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Review: Creality CR-Scan Lizard – affordable 3D scanning for the masses

3D Printing Industry reviews the Creality CR-Scan Lizard 3D scanner.

Founded in 2014, Creality has quickly grown to be one of the biggest names in the desktop 3D printing space. The company’s product portfolio is a vast one, covering both FDM and resin-based LCD 3D printers such as the Ender-7, CR-6 SE, CR-30, and the HALOT range.

Although not as well known, Creality also offers its own line of 3D scanners. Intended as a successor to the company’s debut CR-Scan 01 scanner, the new CR-Scan Lizard is designed to bridge performance and accessibility, bringing professional but cost-effective 3D scanning to the masses.

Creality’s handheld CR-Scan Lizard is suitable for both small and large part scanning and is available in two versions. The standard version boasts an affordable sub-$800 price tag, while the higher-performance Color Kit version is expected to be available for around $100 more. The latter allows users to integrate the scanner with cell phones and DSLR cameras to scan colorful textures, paving the way for more artistic applications in VR, AR, gaming, and full-color 3D printing. For this review, we’ll be working with the standard package.

So who’s it aimed at? Well, everyone. Seeing as many higher-end industrial devices can cost around $15,000 or more, Creality’s offering is perfect for just about anyone operating on a budget. This includes artists, teachers, makers, designers, engineers, and anyone else looking to get their creative juices flowing.

The CR-Scan Lizard. Photo via Creality.
The CR-Scan Lizard. Photo via Creality.

A versatile and reliable hardware package

Creality is very much a household name in 3D printing, and it didn’t get to this point by cutting corners. Like all of the company’s products, the CR-Scan Lizard is extremely well-packaged, making for a pleasant unboxing experience. Each of the parts is sufficiently protected and the scanner itself is packaged in a hardshell case to ensure it doesn’t get damaged during shipping. In the box, you’ll find the 3D scanner, a tripod, a turntable, a USB drive, and all of the wiring required to hit the ground running.

The CR-Scan Lizard relies on near-infrared (NIR) LEDs for the light source, and uses three binocular cameras to scan objects. This combination is safe for the human eye, unlike some laser-based scanning technologies, so feel free to dive in without any goggles. The scanner offers a resolution of between 0.1 – 0.2mm, accuracy of up to 0.05mm, and a scan speed of 10fps.

Anyone that’s handled Creality’s latest scanner can attest to just how ergonomic it is. Weighing in at just 370g and measuring 155 x 84 x 46mm, the system is incredibly lightweight, making it very comfortable for longer scanning sessions where you might be on your feet.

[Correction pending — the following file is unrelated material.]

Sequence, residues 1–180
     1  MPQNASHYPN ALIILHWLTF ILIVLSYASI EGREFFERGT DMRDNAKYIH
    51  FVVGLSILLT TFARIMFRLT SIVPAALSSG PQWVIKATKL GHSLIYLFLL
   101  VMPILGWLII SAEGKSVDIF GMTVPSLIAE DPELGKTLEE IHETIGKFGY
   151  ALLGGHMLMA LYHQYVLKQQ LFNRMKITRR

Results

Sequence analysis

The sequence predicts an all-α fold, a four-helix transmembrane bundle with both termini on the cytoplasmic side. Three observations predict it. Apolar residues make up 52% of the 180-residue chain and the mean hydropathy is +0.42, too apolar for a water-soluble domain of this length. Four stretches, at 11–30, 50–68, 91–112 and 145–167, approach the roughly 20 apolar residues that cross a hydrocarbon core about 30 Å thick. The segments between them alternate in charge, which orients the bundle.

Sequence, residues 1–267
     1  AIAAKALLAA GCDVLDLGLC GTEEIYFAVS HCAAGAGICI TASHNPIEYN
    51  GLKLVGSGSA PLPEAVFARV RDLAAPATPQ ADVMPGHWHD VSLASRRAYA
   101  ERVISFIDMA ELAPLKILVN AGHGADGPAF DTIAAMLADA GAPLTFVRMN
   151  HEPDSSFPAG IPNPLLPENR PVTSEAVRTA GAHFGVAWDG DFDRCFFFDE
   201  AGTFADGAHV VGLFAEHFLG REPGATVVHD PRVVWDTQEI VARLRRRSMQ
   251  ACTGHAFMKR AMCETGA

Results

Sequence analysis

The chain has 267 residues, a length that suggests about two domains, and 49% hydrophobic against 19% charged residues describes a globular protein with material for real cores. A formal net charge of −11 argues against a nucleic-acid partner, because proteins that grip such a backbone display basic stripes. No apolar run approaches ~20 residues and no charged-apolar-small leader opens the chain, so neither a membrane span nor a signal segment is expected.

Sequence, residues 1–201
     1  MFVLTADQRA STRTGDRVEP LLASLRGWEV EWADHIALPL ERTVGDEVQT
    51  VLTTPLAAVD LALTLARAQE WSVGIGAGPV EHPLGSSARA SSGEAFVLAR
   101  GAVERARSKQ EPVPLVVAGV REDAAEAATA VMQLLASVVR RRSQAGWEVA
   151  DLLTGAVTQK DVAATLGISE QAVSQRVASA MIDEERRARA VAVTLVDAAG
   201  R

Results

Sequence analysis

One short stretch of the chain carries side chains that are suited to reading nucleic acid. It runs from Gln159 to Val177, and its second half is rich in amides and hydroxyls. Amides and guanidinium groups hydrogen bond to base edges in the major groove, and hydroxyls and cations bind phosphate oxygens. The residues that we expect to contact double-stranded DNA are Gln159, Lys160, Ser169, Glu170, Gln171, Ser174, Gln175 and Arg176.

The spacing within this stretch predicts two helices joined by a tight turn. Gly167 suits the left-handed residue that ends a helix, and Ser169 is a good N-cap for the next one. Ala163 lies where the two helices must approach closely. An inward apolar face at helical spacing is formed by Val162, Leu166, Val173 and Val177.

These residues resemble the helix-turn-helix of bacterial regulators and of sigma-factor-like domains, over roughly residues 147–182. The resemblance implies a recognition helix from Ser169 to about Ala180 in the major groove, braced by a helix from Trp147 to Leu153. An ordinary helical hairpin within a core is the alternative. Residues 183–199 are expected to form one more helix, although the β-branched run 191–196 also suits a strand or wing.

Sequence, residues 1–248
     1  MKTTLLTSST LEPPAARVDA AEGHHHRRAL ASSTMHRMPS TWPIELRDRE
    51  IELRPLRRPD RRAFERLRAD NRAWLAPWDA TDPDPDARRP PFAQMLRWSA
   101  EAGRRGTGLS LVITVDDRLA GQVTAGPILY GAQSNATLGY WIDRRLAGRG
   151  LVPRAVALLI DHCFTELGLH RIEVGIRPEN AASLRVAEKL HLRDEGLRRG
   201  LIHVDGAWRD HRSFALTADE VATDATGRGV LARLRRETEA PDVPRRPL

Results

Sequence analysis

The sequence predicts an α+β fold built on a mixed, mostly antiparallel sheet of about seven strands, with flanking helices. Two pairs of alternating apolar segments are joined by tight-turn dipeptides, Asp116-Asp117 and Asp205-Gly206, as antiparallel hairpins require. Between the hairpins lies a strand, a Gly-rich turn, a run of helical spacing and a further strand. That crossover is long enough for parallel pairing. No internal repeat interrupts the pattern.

But what if you don’t want to hold the scanner at all? This is where the tripod and turntable come in. The CR-Scan Lizard can be propped up on its own nimble stand with the part being scanned placed on the spinning turntable. This setup is very efficient and works great for smaller objects less than 300mm in length. For larger objects up to 1.5m in length, however, you’ll still need to opt for the handheld approach as the desktop-based turntable simply isn’t wide enough.

Interestingly, the Creality is designed to work without any positioning targeting whatsoever, which the company says is a time-saver. While we can see how this might play into the accessibility aspect, we still thought the option to use positioning targets would’ve been great as it can really help a scanner maintain its tracking with complex geometries and flat or large surfaces.

When it comes to environmental conditions, the CR-Scan Lizard’s LED technology claims to operate in both bright sunlight and dimmer, shadowed areas. We’re happy to say this holds true as we tested the system in a variety of lighting conditions and never had any noticeable issues.

As is the case with any light-based 3D scanner, the device may find it tricky to capture surfaces that are pitch black or mirrored, as these are either overly absorptive or reflective. To be safe, we recommend having a primer spray or powder-coating spray handy. Before scanning, you can use these sprays to coat a part in a material that is lighter or less reflective, which makes it easier to scan.

The CR Studio software

To make use of the CR-Scan Lizard, you’ll also need Creality’s CR Studio software. Much like the scanner itself, the scan preparation program is designed with ease of use in mind, featuring a ‘one-click model optimization’ workflow that automates many of the more technical steps. With just a single click, the software automatically aligns, cleans, and merges scans to generate a final exportable STL model. For the most part, this works just fine.

For the more advanced users out there, Creality also grants access to the individual scan parameters. With CR Studio you can edit your scans by selecting individual point clouds, deleting them, and setting the ground levels. The software also allows us to improve the mesh once it’s been created by removing isolated items and filling in holes. Finally, if you’re not satisfied with the automatic alignment of the scans, you can manually merge them in the virtual workspace provided. These alignment tools can be a little finicky but will get the job done.